No one wants to even think about it. We can’t imagine. But we must.
In the fourth consecutive year of a severe drought, our beloved community is at great risk for a serious fire. While our public safety and other government agencies are doing a great deal to prepare for such an emergency, something else is vitally needed: you.
One important part of the community’s preparation for wildfire is what we do before the fire, in our own homes. The first thing is to create our “go-bags,” one for each member of our households and for our pets.
What is a go-bag? It’s a portable, lightweight bag you can grab and take with you when you evacuate, designed to provide you with whatever you’ll initially need, whether you’re in a shelter, a friend’s home or a motel.
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Cambrians Ken Persinger and his wife, Kathy, always have their go-bags ready right by their door. Ken’s is a black zippered duffle-type bag. In it you’ll find his prescription medications, solar charger, hat and sunscreen, hearing aid batteries, a N-95 respirator mask (in case of smoke), nutrition bars, tea bags he particularly likes, his passport, vaccination and key medical records, extra glasses, a change of clothes for a few days, Advil, foam eye covers and ear plugs, and a headlamp, among other things.
He also has a fanny pack with checkbooks, an address book and a few hundred dollars. Nearby he keeps ready a plastic file box with important papers, such as recent tax information, insurance policies, personal identification, banking information and other personal papers. The paperwork is especially handy if your home should be destroyed or damaged, he says.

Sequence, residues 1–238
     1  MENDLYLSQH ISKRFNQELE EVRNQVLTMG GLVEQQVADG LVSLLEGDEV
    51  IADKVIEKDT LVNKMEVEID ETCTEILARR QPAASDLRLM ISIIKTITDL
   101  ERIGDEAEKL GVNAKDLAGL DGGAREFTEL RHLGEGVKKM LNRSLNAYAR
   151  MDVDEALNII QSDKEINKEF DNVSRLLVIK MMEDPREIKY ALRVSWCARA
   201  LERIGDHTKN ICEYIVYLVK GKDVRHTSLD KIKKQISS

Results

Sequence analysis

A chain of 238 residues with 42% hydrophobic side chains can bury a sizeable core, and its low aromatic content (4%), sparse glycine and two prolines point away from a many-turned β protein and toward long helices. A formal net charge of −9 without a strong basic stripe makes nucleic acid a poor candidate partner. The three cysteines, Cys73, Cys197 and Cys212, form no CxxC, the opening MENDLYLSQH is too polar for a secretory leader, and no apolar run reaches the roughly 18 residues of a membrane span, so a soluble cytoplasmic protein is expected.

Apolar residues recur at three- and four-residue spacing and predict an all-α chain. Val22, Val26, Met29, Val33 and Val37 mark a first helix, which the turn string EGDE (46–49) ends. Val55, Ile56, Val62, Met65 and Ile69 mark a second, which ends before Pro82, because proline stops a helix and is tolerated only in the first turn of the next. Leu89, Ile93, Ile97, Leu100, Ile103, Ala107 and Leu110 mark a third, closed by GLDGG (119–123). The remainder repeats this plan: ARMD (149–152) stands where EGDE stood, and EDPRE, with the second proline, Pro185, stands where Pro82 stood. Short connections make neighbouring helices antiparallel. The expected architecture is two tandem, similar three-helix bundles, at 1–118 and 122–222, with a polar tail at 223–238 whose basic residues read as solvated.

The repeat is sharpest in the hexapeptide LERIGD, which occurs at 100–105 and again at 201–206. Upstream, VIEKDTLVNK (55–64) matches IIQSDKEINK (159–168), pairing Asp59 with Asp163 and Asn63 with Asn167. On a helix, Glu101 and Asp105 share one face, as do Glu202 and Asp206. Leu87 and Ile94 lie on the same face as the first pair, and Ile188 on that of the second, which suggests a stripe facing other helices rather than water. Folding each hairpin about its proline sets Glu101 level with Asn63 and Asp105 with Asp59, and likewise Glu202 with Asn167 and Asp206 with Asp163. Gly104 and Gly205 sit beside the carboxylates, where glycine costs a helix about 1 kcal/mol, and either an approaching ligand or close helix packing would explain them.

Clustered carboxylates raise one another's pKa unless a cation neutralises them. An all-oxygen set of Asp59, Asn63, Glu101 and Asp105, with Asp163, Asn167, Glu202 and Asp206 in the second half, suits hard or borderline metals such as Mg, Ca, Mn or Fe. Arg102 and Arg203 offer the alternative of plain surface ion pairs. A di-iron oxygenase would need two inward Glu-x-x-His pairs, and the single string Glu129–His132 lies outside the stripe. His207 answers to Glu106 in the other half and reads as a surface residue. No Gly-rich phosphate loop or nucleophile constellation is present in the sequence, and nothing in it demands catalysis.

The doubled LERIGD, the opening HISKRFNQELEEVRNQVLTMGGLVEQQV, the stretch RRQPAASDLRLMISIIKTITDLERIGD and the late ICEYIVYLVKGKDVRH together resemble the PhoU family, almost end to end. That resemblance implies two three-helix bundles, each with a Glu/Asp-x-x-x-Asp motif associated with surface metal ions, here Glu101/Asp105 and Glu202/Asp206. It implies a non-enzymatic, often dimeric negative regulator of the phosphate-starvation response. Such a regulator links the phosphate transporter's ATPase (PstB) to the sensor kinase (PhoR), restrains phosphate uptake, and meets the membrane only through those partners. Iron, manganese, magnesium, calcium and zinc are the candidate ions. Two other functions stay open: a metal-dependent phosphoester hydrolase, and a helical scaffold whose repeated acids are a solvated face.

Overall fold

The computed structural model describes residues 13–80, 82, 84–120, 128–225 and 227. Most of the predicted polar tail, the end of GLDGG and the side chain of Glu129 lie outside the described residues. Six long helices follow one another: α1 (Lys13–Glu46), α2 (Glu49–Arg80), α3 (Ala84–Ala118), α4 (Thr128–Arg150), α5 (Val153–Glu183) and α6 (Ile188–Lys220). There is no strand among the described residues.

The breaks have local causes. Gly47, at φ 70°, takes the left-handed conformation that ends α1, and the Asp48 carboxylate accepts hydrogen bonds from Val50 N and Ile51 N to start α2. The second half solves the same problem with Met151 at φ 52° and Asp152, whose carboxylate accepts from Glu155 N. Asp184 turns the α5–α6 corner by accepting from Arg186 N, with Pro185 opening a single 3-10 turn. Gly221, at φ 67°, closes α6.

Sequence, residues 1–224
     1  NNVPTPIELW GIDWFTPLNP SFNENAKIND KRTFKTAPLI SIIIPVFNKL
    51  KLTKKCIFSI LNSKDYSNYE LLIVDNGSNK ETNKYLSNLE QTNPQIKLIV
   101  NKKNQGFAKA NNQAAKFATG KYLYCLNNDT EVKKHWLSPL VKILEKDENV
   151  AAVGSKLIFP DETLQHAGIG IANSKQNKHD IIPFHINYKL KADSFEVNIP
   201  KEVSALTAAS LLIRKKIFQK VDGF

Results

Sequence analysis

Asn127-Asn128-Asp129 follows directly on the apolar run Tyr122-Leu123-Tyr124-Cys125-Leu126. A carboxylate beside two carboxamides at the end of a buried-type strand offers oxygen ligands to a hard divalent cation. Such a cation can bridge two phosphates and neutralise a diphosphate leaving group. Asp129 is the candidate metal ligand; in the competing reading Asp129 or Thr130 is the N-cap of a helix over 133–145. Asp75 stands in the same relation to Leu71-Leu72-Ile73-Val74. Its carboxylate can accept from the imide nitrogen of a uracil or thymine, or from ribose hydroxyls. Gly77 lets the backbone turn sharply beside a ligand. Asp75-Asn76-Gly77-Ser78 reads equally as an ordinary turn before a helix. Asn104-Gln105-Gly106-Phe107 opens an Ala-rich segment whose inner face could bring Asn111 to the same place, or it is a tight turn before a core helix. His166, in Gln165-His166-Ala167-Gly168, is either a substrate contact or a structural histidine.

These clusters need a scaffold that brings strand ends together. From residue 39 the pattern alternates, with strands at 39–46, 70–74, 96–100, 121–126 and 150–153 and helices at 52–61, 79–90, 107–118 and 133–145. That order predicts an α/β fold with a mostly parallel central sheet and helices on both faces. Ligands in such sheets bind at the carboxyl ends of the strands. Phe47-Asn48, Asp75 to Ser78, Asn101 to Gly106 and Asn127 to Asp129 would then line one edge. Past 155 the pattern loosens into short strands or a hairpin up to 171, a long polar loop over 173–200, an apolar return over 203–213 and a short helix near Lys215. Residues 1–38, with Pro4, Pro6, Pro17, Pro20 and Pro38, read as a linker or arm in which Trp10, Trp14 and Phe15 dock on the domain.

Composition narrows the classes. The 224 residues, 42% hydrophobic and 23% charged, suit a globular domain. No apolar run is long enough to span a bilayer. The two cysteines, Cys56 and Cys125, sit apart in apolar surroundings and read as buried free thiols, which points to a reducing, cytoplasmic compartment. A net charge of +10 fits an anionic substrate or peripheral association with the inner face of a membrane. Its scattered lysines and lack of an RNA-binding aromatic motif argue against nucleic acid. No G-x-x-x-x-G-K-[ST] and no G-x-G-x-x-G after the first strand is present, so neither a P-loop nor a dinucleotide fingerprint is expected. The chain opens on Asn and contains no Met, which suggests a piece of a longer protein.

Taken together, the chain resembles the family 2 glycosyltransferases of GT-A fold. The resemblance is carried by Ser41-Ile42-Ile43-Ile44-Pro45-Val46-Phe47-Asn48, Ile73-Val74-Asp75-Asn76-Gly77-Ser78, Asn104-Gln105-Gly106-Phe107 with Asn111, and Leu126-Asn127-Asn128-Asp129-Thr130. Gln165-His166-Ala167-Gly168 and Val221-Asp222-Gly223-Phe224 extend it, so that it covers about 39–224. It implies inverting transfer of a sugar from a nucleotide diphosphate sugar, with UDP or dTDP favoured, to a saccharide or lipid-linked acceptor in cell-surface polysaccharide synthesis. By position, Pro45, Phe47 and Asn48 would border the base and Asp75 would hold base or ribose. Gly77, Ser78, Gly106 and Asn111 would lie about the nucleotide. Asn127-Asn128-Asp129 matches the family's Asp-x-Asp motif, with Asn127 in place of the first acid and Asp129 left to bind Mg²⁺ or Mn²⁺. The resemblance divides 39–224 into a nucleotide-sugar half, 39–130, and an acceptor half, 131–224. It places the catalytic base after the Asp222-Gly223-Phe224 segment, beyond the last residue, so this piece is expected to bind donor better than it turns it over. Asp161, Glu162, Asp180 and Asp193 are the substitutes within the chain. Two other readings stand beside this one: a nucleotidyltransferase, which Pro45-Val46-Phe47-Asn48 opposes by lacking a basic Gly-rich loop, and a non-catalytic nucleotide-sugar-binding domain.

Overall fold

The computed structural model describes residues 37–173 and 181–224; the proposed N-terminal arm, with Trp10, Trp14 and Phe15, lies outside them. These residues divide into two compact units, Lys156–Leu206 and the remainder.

On top of the bag he keeps a checklist to remind him, in case of evacuation, to gather a handful of everyday items from around his house, such as his laptop. (Because they’re used so routinely, certain items can’t conveniently be kept in a go-bag).
Ken and Kathy also have made preparations for their dog, Simon. He has a chip and a collar tag that will help reconnect him with the Persingers if he should get lost. There’s also a leash right on top of Ken’s go-bag, and plenty of dog food and extra water in the trunk of the car.
Ken says having a go-bag helps make his life easier, because it’s always ready to go.
“When we practice evacuation, I know where my bag is and that it is current. Any time I have to leave in a hurry, I have it.”
If you want to test your system, have a friend call you sometime in the next couple of weeks, perhaps when you least expect it, to announce that you must evacuate within five minutes. Take the challenge seriously and see what you learn you need and what you do. Leave the house. See what you’ve taken with you. Figure out what you need to add to your bag.
In addition to making sure you’ll have whatever you need if you must leave quickly, having a go-bag ready could save your life. It helps ensure you’ll leave your house quickly, calmly and safely.